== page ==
After seeing Angie’s great tweet about robots, I delved further into her work and discovered her amazing blog: Elementary Innovators.  She has so many great ideas posted, but one that really stuck out was a post about designing accessible playground equipment. Since we might be getting new playground equipment at Mason, I thought it would be great for our 2nd graders to design a new playground that is accessible for ALL of our students.

Using the design thinking process, we discussed user needs and the concept of accessibility. We asked students to brainstorm ideas out loud and on paper, and then sketch out accessible playground ideas.

Ideas included:

  • Lower Monkey bars so a student in a wheelchair could use them
  • Lower Monkey bars with a platform underneath that would move the wheelchair as the user “swung” across the bars
  • Zip line swings
  • An elevator to the slide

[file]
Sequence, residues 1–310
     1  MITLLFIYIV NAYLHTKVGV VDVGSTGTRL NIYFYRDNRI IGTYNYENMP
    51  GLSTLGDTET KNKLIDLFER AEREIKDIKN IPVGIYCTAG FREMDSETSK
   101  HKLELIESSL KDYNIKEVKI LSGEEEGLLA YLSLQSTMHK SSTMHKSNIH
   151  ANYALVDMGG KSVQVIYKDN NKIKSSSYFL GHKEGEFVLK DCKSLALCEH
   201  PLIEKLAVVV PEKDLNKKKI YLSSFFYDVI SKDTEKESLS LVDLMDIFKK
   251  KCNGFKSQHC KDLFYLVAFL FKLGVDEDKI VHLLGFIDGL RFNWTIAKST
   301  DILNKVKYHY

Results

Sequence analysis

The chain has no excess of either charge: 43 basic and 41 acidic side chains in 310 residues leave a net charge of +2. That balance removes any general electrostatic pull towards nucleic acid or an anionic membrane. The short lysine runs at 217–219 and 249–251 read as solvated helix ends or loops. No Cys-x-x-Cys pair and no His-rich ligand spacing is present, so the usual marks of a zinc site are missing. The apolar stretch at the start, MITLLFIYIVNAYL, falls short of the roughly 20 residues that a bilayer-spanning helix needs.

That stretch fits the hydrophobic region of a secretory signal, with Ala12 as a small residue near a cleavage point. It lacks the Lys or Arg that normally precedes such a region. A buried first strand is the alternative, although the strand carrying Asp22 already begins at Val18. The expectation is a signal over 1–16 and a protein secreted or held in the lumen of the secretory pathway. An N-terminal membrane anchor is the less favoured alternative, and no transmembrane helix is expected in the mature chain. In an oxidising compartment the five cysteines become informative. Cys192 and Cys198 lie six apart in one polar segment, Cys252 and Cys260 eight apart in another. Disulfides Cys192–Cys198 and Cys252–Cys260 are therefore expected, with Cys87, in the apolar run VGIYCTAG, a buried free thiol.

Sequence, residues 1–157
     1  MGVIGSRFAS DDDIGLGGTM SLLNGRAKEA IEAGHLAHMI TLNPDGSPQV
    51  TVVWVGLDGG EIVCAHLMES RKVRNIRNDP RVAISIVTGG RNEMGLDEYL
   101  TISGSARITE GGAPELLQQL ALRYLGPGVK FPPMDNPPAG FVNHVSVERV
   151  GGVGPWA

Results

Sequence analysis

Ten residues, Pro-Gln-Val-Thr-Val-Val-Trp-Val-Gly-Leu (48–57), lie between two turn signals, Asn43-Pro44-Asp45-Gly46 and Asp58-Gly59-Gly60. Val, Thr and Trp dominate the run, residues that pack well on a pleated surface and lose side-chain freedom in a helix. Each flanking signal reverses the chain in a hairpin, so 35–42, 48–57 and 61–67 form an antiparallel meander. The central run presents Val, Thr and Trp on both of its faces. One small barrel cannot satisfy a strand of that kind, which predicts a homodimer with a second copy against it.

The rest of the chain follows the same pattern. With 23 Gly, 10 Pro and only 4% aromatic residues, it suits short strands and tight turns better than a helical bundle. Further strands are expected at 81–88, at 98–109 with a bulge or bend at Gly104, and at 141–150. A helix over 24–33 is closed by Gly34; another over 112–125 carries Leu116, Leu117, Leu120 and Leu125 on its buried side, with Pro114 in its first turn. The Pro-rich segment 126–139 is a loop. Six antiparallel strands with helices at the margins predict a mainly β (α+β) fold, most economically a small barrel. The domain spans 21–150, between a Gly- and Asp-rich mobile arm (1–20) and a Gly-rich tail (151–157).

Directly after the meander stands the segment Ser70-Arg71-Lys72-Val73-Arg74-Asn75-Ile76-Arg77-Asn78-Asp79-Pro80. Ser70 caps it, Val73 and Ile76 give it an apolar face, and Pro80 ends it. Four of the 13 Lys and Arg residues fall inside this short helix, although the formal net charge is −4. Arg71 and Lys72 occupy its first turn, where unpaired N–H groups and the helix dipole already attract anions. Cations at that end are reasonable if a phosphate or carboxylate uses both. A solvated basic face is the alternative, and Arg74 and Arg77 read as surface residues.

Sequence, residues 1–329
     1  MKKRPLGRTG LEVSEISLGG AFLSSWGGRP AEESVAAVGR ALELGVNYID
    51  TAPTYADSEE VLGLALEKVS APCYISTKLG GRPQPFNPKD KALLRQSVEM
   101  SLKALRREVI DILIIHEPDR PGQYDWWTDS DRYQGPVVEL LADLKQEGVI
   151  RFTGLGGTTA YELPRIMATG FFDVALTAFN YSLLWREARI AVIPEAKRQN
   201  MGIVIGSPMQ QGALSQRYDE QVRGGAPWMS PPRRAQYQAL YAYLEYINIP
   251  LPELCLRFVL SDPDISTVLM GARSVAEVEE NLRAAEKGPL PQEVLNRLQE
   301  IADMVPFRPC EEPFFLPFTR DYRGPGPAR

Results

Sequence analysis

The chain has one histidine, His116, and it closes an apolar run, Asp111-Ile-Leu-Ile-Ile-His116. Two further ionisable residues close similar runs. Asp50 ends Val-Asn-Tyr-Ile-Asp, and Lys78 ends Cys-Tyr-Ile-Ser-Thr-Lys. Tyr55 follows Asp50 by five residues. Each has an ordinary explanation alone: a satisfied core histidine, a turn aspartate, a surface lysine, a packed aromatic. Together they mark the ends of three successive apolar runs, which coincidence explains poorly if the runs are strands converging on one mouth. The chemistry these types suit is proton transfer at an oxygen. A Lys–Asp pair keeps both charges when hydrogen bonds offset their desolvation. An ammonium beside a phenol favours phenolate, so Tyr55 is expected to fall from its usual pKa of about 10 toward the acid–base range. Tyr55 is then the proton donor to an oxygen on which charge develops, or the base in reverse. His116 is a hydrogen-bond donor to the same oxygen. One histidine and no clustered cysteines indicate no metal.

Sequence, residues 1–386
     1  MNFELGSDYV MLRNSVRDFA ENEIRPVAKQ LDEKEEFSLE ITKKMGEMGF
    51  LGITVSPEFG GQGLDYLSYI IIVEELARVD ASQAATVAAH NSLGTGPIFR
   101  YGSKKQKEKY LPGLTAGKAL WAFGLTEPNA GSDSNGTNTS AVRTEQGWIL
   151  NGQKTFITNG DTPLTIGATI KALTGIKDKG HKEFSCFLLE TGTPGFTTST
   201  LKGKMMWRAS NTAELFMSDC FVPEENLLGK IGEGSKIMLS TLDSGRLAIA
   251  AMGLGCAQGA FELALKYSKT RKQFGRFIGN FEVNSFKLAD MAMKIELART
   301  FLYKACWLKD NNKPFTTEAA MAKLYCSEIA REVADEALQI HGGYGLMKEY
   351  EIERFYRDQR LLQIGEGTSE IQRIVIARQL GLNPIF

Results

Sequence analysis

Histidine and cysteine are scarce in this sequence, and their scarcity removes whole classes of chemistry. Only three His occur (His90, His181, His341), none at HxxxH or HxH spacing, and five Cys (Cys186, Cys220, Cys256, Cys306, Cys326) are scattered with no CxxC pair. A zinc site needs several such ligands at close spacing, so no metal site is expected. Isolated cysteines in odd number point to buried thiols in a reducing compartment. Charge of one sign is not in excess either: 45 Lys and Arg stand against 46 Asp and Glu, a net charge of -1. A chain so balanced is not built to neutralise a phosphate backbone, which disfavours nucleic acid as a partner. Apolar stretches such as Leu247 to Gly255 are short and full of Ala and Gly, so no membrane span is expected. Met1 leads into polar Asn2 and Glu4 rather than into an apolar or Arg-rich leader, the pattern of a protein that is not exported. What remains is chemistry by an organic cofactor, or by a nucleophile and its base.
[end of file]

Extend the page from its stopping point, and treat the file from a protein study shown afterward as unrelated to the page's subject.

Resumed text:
• A moving sidewalk to the Playscape
  • A computer talker – A student wanted a computer so that one of our nonverbal students could tap on the computer to have it speak and tell others where he wants to play.
  • A Wheelchair zipline that lifts the chair safely
  • A lift to put a child in a swing
  • An accessible trampoline- a platform for a wheelchair that bounces the rider while they are safely in their chair.
  • And some students had super complicated ideas that were just plain awesome like this dinosaur with a slide coming out of it’s mouth!


Listen to this student talk about her design:

Little people have pretty amazing ideas! I can’t wait to see what they come up with next!

Maker Mindset and our Invention Literacy PBL

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(If you haven’t read my other posts on invention literacy, this project was inspired by Jay Silver. Read more posts about invention literacy at RHS here.)